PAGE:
An up-close inspection unlocks further wonders (Red isn’t overly-precious about her opus, as she delights in viewers engaging with Aurora (JUST DON’T BREAK ANYTHING)). The phone backs really are marvels of dancing colour and reflected light (what kind of sorcery is this?!), with each panel expertly attached to the main metal structure at varying degrees of rotation. The reverse side of every phone back is a stainless steel mirror which not only adds a tasteful, silver bling-bling quality to the installation, but cleverly reflects the viewer’s face. Therein lies one of Aurora’s concepts.


“(One of the things) I want to express is how we are living in the digital era now. We’re so immersed in technology. The reflections of visitors appear as they look into the (reverse side) of the glass backs, which are polished stainless steel. (I want) to highlight tech-savvy millennials. That visitors (suddenly) become the model, the director and the publisher of the clearly-reflected image,” said Red.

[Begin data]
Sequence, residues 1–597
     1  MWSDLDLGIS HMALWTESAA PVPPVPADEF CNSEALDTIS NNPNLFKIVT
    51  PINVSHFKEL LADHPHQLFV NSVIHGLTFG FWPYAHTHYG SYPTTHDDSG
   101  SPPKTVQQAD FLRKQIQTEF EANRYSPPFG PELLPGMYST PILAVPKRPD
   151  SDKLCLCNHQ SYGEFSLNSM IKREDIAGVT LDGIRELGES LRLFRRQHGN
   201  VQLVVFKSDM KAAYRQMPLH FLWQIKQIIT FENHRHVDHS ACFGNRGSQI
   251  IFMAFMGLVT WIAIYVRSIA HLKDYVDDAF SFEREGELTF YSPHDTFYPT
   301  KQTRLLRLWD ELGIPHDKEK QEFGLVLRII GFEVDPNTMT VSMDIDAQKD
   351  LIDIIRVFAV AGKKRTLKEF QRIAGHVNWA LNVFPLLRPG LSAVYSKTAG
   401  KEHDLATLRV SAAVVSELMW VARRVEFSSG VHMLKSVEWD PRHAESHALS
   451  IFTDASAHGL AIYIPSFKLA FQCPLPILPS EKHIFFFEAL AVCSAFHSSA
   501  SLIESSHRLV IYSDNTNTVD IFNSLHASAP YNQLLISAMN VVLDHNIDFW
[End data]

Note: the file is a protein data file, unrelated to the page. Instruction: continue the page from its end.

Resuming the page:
While contemplating the “are we consumers or are we being consumed” subtext of Aurora, viewers are concurrently struck by the delicate balance of its many dualities – designed by high-technology, but manually assembled; a solid architectural work that is unmistakably contemporary art; hard and soft; light and shadow.

So – why do I get the feeling that millennials will henceforth be fixated on the BACKS of their phones, as much as they are on their fronts?

EVENT: Artology: Explore Art & Technology with You(th)

WHERE: H Queens, Hong Kong Central

WHEN: Now until Dec 23